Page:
A Few Thoughts and Observations on Making YouTube Videos

I’ve been making YouTube videos (don’t miss the Behind the Scenes look) for a few weeks now, and I wanted to share my experience so far as someone who generally prefers written words to videos. Spoiler alert: I love it quite a lot! Here’s why.

I’m unsure what the trigger was for me to start creating YouTube videos about Craft. I do remember, though, that I was expecting a daunting task to produce each video. However, that’s not the case simply because I’m using the right tools and good workflow.

Craft is at the center of the process, not only the subject of my videos. I use a Craft Template to guide my work and lay out the list of tasks I need to accomplish. It’s a frictionless process because I spent the time perfecting my template. With each video, I made a few tweaks here and there. Now I’m pretty satisfied with it. You’ll see my template in action in the second part of my video about my production setup and process. It’s pretty cool.

Besides Craft, I’m using Screenflow, which I think is pretty well known to many people doing YouTube videos about computer software. It’s a joy to use. It’s easy to learn and get the job done fast. With each video came new tricks, and I learned how to work quicker and more efficiently. Running on an M1 Mac is also helping to speed up the process, thanks to its M1 chip.

Using great and efficient tools doesn’t negate the time it takes to get great results. I must say that since I started creating those videos, my time spent doing other content creation activities changed drastically. Time is not an elastic resource. Nonetheless, the efforts spent are invaluable in learning new things, new tools and experimenting with a medium that is so popular these days: videos.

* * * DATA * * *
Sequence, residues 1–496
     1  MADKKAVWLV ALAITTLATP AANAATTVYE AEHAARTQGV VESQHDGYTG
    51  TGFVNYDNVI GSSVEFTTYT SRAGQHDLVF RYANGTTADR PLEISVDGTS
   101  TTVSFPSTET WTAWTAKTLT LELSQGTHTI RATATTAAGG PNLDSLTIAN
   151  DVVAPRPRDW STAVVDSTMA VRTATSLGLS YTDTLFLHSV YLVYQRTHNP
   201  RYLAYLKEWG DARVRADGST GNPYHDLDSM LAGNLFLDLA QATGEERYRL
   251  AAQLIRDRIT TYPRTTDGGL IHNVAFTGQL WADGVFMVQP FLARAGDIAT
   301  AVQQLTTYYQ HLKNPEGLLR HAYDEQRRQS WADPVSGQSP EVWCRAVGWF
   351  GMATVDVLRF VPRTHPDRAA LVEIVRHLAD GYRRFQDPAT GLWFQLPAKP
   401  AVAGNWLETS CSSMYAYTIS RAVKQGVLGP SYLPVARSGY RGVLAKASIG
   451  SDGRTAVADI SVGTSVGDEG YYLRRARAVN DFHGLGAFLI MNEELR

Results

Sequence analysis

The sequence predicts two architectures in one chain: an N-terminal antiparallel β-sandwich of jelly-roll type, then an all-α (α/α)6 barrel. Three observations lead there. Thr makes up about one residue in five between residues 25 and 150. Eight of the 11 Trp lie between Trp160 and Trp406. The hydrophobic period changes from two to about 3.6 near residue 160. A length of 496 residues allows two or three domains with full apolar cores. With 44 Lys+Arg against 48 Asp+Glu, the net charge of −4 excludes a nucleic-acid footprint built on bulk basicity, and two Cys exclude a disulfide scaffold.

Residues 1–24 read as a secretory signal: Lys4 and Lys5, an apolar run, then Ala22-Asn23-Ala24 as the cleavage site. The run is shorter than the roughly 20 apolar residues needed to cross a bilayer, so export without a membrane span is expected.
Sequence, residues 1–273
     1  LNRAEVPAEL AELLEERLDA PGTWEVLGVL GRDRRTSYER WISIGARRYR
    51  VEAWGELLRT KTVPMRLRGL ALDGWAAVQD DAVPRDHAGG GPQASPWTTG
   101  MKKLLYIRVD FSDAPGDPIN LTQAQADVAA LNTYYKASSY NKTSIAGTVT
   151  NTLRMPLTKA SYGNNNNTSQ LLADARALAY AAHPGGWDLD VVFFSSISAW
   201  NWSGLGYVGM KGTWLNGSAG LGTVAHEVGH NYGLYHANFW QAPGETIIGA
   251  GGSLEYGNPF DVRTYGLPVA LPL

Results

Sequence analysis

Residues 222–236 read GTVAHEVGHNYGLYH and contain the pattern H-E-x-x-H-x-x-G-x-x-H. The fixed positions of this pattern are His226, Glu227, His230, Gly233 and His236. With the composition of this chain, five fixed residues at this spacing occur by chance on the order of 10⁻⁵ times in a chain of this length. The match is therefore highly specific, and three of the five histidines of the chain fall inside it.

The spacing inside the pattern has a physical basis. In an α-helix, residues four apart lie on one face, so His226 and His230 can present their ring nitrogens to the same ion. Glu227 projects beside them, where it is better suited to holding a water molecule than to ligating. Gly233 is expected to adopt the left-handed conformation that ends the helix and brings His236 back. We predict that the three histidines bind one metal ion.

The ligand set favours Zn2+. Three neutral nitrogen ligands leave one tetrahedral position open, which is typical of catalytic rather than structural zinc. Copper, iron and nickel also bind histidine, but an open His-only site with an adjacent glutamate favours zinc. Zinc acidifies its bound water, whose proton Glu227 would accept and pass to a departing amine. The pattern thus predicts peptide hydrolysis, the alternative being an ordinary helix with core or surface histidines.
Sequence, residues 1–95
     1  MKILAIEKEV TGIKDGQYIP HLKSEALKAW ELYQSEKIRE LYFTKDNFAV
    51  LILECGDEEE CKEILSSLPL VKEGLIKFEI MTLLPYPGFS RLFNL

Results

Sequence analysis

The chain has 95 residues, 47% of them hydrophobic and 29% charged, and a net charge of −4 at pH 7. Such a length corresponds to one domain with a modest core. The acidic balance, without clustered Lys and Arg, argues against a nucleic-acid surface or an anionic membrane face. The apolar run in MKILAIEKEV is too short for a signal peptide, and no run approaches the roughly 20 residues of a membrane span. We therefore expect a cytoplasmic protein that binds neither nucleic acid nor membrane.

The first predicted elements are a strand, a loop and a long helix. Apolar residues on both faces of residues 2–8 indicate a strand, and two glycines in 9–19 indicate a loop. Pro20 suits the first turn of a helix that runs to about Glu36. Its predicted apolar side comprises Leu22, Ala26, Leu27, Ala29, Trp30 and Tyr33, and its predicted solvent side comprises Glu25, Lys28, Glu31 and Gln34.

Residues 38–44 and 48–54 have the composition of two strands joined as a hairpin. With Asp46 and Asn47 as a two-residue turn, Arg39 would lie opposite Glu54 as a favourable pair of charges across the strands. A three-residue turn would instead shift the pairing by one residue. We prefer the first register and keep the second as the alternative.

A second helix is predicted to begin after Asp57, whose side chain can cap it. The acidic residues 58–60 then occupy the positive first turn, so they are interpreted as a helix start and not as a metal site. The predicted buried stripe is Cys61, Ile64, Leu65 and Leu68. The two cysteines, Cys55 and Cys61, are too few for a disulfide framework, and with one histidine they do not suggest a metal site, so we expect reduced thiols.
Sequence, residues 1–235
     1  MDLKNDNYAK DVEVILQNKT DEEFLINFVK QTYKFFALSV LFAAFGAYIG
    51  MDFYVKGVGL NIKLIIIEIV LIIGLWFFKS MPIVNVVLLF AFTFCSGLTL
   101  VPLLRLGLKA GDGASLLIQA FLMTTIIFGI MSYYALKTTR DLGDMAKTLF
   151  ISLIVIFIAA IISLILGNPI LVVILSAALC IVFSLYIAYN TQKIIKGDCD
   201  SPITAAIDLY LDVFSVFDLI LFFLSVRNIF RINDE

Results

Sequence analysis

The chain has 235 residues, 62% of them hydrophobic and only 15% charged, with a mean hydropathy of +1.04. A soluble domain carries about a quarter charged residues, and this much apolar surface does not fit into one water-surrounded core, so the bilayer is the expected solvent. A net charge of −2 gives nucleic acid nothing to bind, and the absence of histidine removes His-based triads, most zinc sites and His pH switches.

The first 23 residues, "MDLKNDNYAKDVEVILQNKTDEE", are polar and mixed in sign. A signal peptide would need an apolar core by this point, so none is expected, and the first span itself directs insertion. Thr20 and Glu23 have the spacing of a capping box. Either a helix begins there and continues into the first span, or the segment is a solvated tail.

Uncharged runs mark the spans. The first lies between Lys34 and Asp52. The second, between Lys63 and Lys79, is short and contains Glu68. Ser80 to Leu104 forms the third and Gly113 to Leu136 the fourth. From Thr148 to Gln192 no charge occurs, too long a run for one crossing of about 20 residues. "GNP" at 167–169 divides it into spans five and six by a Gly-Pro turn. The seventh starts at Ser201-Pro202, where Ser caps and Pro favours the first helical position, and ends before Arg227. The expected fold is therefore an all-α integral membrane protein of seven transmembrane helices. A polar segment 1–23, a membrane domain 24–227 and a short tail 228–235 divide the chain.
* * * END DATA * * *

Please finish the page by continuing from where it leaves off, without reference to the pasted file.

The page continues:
YouTube Studio, the web platform for publishing videos, was new to me. It’s easy to master and get the job done, very “Googleiiish.” I’m pretty overwhelmed by the amount of analytics the platform provides to its creators. It is mind-blowing. I shouldn’t be surprised; it’s Google, right? That being said, the numbers I’m seeing over time are encouraging. People seem to like my videos, spend more and more time watching them and engage with comments, which I individually acknowledge. I’m getting close to a perfect score of 100% on the percentage of people who likes the videos.

I’m getting quite a few new subscribers each day. Publishing on platforms like Slack, Circle and Reddit, where the Craft community is hanging out, helps a lot. I’m rigorous in my process: when my video finally becomes available on YouTube, I publish a small post specifically tweaked for each platform’s audience. As a result, I get some engagement on each platform, and I try to actively answer comments about my videos. It’s fun and still quite manageable.

Videos that offer the most value for the viewers are the most popular. Videos about increasing productivity somehow are the ones that produce the most favourable viewing time. Videos about more specific areas of Craft tend to have less viewing time. I don’t bother too much about that. I’m creating the videos that I want to create and share for the fun of it. It’s not a popularity contest. I’m okay with that as soon as I learn something along the road.

The vast majority of my video is less than 20 minutes. From a style perspective, I recognize that my videos are more on the “slow” side compared to current style trends, which deliver content at a much faster and more dynamic pace. I don’t want to follow that trend. I prefer the master class format, where I take my time to express and explain what I want to talk about.

Producing videos is a delicate process that requires planning and a good mastery of the tools involved. However, I’m happy to report that I’m feeling pretty good at doing this. Now I can better understand what kind of efforts are required to become a YouTube star. That’s not easy; long-lasting success doesn’t come free for sure.

Producing videos about Craft helped me find a niche in a crowded world on YouTube. I feel I’m making a slight difference in the community of current or future Craft users. It’s highly motivating. I hope to be able to produce many more videos in the future and that people will keep coming to my YouTube channel.

My YouTube channel address is https://www.youtube.com/c/numericcitizenvideos.

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